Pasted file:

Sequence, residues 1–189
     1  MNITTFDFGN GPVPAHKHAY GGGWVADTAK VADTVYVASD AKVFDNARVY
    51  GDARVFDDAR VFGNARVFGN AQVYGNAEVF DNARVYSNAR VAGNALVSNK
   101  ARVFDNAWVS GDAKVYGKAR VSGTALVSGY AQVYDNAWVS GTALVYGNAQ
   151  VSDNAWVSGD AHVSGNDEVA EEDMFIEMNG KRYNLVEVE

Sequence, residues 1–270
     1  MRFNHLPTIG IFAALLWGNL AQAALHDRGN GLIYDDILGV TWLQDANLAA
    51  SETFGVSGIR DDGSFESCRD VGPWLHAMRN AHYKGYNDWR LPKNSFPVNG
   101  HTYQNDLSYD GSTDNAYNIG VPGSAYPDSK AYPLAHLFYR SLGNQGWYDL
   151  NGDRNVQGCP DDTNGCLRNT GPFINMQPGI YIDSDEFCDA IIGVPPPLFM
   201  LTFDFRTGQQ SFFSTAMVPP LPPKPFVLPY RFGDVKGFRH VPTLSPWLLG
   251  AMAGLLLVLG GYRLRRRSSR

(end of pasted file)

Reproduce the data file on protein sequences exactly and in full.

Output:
Sequence, residues 1–189
     1  MNITTFDFGN GPVPAHKHAY GGGWVADTAK VADTVYVASD AKVFDNARVY
    51  GDARVFDDAR VFGNARVFGN AQVYGNAEVF DNARVYSNAR VAGNALVSNK
   101  ARVFDNAWVS GDAKVYGKAR VSGTALVSGY AQVYDNAWVS GTALVYGNAQ
   151  VSDNAWVSGD AHVSGNDEVA EEDMFIEMNG KRYNLVEVE

Sequence, residues 1–270
     1  MRFNHLPTIG IFAALLWGNL AQAALHDRGN GLIYDDILGV TWLQDANLAA
    51  SETFGVSGIR DDGSFESCRD VGPWLHAMRN AHYKGYNDWR LPKNSFPVNG
   101  HTYQNDLSYD GSTDNAYNIG VPGSAYPDSK AYPLAHLFYR SLGNQGWYDL
   151  NGDRNVQGCP DDTNGCLRNT GPFINMQPGI YIDSDEFCDA IIGVPPPLFM
   201  LTFDFRTGQQ SFFSTAMVPP LPPKPFVLPY RFGDVKGFRH VPTLSPWLLG
   251  AMAGLLLVLG GYRLRRRSSR